People v. Garcia

Annotate this Case
[Crim. No. 8736. In Bank. Aug. 30, 1965.]

THE PEOPLE, Plaintiff and Respondent, v. JERRY JOSEPH GARCIA, JR., Defendant and Appellant.

COUNSEL

Jerry Joseph Garcia, Jr., in pro. per., and Frank C. Morales, under appointment by the Supreme Court, for Defendant and Appellant.

Thomas C. Lynch, Attorney General, and Gordon Ringer, Deputy Attorney General, for Plaintiff and Respondent.

OPINION

PETERS, J.

This is a petition by Jerry Joseph Garcia, Jr., for relief from default because of the late filing of a notice of appeal. [1] Under rule 31(a) of the California Rules of Court the power is conferred upon the appellate courts to grant relief in proper cases from a late filing. It is settled by the case law that the power thus conferred should be liberally exercised to protect the right to appeal where reasonably possible. (People v. Casillas, 61 Cal. 2d 344 [38 Cal. Rptr. 721, 392 P.2d 521]; People v. Madrid, 62 Cal. 2d 602 [43 Cal. Rptr. 638, 400 P.2d 750], and cases cited.)

This case has been before us on a prior occasion. After the District Court of Appeal had denied relief, we granted a hearing, and returned the case to that court "with directions to proceed in accordance with the procedure adopted in [63 Cal. 2d 267] People v. Tucker, 61 Cal. 2d 828 [40 Cal. Rptr. 609, 395 P.2d 449]." In the Tucker case, in the face of allegations substantially similar to those here involved, we appointed a referee to determine the truth of those allegations. On conflicting evidence, substantially similar to what developed in the instant case, the referee determined the conflict in favor of the petitioner there involved, and recommended the granting of the requested relief. We adopted the findings of the referee and granted relief. In the present case, the District Court of Appeal did not follow this procedure. It made what it called an "independent inquiry," which consisted of having one of the justices of the court telephone the counsel who had defended petitioner at the trial, a deputy public defender. Upon the representation by that deputy, over the telephone, that petitioner had not made a request to appeal, the petition was again denied. We again granted a hearing because the District Court of Appeal did not proceed as directed, and did not use a proper method to decide a controverted question of fact.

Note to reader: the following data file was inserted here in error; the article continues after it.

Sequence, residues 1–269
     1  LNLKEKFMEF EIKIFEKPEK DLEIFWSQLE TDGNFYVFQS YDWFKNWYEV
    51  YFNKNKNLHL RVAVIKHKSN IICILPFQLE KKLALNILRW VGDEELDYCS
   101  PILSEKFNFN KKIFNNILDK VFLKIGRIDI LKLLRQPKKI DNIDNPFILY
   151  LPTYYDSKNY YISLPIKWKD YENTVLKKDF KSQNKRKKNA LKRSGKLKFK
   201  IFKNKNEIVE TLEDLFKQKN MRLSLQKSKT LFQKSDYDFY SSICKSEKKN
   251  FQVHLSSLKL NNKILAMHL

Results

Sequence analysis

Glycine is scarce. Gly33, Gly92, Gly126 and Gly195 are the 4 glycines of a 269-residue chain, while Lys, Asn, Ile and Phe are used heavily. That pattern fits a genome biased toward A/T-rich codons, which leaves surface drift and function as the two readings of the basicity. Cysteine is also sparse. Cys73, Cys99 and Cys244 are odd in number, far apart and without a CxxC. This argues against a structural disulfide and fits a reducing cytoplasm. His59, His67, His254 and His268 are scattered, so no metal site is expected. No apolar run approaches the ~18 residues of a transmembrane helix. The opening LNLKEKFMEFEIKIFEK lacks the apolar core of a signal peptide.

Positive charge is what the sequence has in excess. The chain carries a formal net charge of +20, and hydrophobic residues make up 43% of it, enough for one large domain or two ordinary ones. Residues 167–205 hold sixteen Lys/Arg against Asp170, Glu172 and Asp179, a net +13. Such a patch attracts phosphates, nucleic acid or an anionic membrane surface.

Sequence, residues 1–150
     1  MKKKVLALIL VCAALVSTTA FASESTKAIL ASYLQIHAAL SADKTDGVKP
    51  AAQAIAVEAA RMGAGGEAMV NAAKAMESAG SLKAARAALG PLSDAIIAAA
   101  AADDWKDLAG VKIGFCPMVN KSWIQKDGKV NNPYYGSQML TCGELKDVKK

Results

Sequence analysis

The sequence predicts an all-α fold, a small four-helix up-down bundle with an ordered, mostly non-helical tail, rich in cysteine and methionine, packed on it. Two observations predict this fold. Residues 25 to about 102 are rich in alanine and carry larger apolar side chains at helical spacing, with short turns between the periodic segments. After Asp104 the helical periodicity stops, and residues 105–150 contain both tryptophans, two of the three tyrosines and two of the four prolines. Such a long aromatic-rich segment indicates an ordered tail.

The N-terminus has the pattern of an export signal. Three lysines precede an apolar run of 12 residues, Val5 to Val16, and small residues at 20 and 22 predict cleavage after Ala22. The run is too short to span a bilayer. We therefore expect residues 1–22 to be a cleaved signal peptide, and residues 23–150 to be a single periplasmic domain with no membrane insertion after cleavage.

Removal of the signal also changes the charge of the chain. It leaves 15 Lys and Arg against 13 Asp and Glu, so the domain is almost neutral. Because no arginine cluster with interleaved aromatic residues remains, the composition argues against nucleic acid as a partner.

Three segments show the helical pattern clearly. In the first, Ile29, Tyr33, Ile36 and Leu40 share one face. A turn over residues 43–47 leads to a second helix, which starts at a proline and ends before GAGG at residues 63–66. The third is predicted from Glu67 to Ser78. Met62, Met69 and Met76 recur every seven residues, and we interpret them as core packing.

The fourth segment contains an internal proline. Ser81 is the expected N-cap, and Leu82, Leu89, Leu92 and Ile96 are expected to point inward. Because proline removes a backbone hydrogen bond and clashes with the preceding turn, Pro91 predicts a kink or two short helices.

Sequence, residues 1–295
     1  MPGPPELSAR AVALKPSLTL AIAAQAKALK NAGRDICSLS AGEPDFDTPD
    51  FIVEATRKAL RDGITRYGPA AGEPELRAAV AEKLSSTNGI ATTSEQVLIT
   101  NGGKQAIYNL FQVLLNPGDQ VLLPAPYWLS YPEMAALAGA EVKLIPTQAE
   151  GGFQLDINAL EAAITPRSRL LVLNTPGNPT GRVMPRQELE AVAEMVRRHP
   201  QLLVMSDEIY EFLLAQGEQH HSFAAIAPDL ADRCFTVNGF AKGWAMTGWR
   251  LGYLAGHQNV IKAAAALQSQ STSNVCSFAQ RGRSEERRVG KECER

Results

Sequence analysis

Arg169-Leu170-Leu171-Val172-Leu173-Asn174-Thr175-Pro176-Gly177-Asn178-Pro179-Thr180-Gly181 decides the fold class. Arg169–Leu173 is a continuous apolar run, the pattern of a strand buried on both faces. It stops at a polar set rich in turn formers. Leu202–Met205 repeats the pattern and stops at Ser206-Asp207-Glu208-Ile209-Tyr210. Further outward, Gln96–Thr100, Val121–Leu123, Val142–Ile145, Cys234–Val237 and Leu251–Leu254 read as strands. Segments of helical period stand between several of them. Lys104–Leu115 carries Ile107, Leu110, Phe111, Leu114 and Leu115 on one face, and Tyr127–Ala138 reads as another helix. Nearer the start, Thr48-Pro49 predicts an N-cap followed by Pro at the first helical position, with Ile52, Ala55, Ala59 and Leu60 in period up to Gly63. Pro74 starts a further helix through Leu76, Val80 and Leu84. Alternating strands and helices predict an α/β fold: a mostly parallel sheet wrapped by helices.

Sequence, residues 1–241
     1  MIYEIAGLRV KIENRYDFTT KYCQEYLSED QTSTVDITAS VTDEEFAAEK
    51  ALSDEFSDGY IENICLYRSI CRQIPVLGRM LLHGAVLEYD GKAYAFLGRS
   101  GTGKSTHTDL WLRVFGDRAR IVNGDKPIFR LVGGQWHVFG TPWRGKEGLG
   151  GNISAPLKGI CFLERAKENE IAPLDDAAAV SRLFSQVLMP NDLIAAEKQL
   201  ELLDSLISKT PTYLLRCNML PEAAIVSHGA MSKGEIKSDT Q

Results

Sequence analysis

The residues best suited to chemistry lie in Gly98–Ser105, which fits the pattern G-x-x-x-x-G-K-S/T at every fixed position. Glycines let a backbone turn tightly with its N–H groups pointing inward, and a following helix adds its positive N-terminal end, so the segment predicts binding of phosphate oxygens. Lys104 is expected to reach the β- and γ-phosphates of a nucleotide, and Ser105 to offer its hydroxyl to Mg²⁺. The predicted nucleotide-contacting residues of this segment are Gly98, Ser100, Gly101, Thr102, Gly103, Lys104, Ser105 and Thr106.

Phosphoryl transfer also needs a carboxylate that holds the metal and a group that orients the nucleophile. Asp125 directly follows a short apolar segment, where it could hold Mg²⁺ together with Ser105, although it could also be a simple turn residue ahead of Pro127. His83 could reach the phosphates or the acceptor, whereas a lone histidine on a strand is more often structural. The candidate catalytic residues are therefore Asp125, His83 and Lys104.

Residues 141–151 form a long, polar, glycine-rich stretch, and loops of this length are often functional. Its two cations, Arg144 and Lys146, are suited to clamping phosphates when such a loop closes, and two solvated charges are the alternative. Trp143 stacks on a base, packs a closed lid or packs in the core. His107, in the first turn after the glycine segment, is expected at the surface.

[2a] The facts are not complicated.petitioner was charged by information in Count One with an assault with a deadly weapon with intent to commit murder, and in Count Two with an assault with a deadly weapon. After a jury trial, in which he was represented by a deputy public defender, he was found guilty on Count One and not guilty as to Count Two. On October 4, 1963, he was sentenced for the term prescribed by law. On October 28, 1963, he caused to be filed with the superior court a purported notice of appeal. He was properly informed that the notice was late and relief should be sought in the appellate courts. After some delay, relief was sought in the District Court of Appeal and denied.

From the record it was apparent that there was a conflict in the evidence between petitioner and his trial attorney. To resolve that conflict we appointed the Honorable Thomas P. White, Retired Associate Justice of this court, as referee. A hearing was held at which petitioner and the attorney testified.

On the issue whether the petitioner had requested his trial attorney to file a notice of appeal the referee found "that Petitioner did, at the time the guilty verdict was rendered, request his then trial attorney to file a Notice of Appeal or as Petitioner put it to secure for him 'a retrial,' and that Petitioner's trial attorney told the former he would come to see him in the County Jail with regard thereto, but did not do [63 Cal. 2d 268] so. I find that the failure of trial counsel to remember whether he advised Petitioner of 'the steps he should take to prepare and file a Notice of Appeal' ... must be resolved in favor of Petitioner's affirmative claim that no such advice was given him."

The referee also found that "Petitioner did reasonably believe that his then trial attorney would comply with the request of the former that the attorney file a Notice of Appeal or as Petitioner understood it 'a retrial.' "